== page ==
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Google Has A Problem With Linux Server Reboots Too Slow Due To Too Many NVMe Drives

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  • cynic
    replied
    Originally posted by caligula View Post
    Wow, so many comments and nobody is wondering why few seconds matter. After all you'll reboot a desktop only once per day, servers have uptime of months. So shouldn't matter even if it takes few hours to boot.
    That's YOUR usecase.

    If someone is investing resources to solve what he believes being an issue, then maybe for its usecase it IS an issue.

    Stop thinking that your PC and your servers are the whole universe and that there is anything else.

    Leave a comment:


  • chithanh
    replied
    Originally posted by caligula View Post
    servers have uptime of months. So shouldn't matter even if it takes few hours to boot.
    Depends. If there is some urgent kernel update that runs into the limitations of kernel live patching, then you have to reboot all of your servers in short order. And while servers are rebooting, your server capacity is either much reduced, or you have to draw out your update process over a long time.

    Originally posted by paulocoghi View Post
    60 seconds are not a "few seconds" for important services that must be online.
    Eh, for important services you usually avoid SPOF by running multiple servers anyway, and can reboot them one after another.

    Leave a comment:


  • paulocoghi
    replied
    Originally posted by caligula View Post
    Wow, so many comments and nobody is wondering why few seconds matter. After all you'll reboot a desktop only once per day, servers have uptime of months. So shouldn't matter even if it takes few hours to boot.
    60 seconds are not a "few seconds" for important services that must be online.

    With fast reboot times we get services online faster. The more uptime, the better. Simple, no? Even on clustered scenarios, we make the synchronization faster as well.

    The question I make to you is: Why would we want a slower restart time if we can make it faster?

    Leave a comment:


  • garyb
    replied
    Originally posted by caligula View Post
    Wow, so many comments and nobody is wondering why few seconds matter. After all you'll reboot a desktop only once per day, servers have uptime of months. So shouldn't matter even if it takes few hours to boot.
    https://cloud.google.com/blog/produc...es-file-system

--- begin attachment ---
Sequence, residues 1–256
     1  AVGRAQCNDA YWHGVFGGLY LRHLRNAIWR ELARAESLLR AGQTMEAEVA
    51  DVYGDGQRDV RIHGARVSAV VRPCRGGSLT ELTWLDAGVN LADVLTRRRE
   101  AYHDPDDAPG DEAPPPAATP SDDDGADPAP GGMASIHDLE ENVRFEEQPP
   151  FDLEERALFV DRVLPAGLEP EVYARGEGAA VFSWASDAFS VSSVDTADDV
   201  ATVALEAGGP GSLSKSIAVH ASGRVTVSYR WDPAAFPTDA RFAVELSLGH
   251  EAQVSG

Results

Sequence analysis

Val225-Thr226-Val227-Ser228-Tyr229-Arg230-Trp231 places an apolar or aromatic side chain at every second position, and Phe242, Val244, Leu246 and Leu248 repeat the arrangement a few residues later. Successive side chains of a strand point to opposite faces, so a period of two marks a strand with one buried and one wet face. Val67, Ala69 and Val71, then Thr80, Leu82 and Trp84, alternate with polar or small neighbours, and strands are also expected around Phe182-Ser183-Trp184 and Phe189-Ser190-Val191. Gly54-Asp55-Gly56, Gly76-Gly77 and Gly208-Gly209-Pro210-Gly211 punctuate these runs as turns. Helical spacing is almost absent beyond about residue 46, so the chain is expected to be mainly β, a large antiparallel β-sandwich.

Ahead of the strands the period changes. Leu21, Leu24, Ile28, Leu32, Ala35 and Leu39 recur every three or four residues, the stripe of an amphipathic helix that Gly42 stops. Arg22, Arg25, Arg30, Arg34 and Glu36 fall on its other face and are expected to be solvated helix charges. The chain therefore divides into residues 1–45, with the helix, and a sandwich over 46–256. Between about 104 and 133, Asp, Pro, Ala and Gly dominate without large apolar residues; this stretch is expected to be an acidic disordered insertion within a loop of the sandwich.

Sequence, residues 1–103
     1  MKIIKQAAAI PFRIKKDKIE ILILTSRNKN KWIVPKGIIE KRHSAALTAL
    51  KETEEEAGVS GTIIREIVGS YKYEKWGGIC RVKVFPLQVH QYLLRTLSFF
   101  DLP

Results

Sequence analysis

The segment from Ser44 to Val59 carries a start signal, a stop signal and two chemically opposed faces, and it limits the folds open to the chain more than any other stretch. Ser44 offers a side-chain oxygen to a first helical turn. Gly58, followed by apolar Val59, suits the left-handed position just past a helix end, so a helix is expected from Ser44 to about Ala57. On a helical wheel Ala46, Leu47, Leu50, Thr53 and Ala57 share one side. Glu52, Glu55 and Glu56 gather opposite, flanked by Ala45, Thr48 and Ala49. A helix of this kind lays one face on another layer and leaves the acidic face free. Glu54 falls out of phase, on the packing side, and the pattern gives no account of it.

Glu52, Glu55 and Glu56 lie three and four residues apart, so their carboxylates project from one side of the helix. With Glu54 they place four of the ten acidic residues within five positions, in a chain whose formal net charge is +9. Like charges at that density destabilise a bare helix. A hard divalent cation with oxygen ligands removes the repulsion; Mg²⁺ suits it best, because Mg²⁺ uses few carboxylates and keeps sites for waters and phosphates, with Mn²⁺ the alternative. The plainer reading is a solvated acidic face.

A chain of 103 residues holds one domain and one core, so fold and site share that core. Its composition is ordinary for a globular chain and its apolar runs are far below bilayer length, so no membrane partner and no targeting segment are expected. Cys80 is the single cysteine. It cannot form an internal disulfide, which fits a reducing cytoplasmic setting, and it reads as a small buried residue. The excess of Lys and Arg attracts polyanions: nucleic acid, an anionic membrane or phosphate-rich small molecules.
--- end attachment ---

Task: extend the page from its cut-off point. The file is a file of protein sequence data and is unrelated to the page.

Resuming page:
Each write is sharded onto many D servers ... imagine if you are running maintenance on a D server which takes a few more seconds, those seconds means more parity is happening to 'fill the blanks', this means more energy is being used and times that by millions of reads/writes you see how time in a server being down, albeit a few more seconds could start to cost money and energy

    Now imagine there's a critical vulnerability that needs to be patched on ALL the D servers, quicker reboots = quicker deployment as you won't patch them all at once.

    Leave a comment:


  • Mark Rose
    replied
    I wonder if this is why EC2 supports a max of 40 volumes with Linux. Perhaps there is a similar issue when booting as well.

    https://docs.aws.amazon.com/AWSEC2/l...me_limits.html

    Leave a comment:


  • milkylainen
    replied
    Umm. But WHY is it taking 4.5 seconds?
    There is nothing that should take 4.5 seconds on an NVMe drive.
    Even if it has a power hold-up cache, it would be flushed rather immediately.
    Buggy drive or bugged specification?

    Leave a comment:


  • caligula
    replied
    Wow, so many comments and nobody is wondering why few seconds matter. After all you'll reboot a desktop only once per day, servers have uptime of months. So shouldn't matter even if it takes few hours to boot.

    Leave a comment:


  • partcyborg
    replied
    Originally posted by cjcox View Post
    I think we need more info. I'll admit, I don't have a gazillion NVMe drives, so maybe it is a problem with that specific driver (?). In which case, Google seems to be on top of it.
    What? Linux only has one nvme driver. It's called (shocker!) nvme.

    Leave a comment:


  • abufrejoval
    replied
    That reminds me of a question I asked myself only some days ago, when I was considering what do do with a Linux box that showed the symptoms of "locked-in syndrome": while it had lost network connectivity and wasn't reacting to any keyboard input, some parts of the kernel must have still been alive, because I could see the reguluar blips from the disk activity indicator that hinted at sync() being called every couple of seconds.

    The question was: is it better to force a power-off or use the reset button as it clearly wasn't responding to the short power-off?

    For SATA HDDs and SSDs the choice used to be clear, AFAIK there is no reset line on the SATA bus so a reset would ensure that there wasn't going to be any device internal data corruption with in-flight buffers being partially written or similar.

    But with these NVMe devices I was thinking that there is a reset line on the PCIe bus, which could wreak havoc if the SSD didn't "manage" that intelligently. In that case a power-down might be better, if there was at least some kind of power-fail protection on the device (not that I noticed any caps on the PCB).

    I'd be happy to be enlightened and get some background on how reset is being dealt with on NVMe and hardware RAID controllers on a PC bus (yeah, I still have some to manage the spinning rust).

    Leave a comment:


  • kescherPh
    replied
    It seems that lately, a lot of work on making things like this async is going on anyway, so this fits right in.

    Leave a comment:

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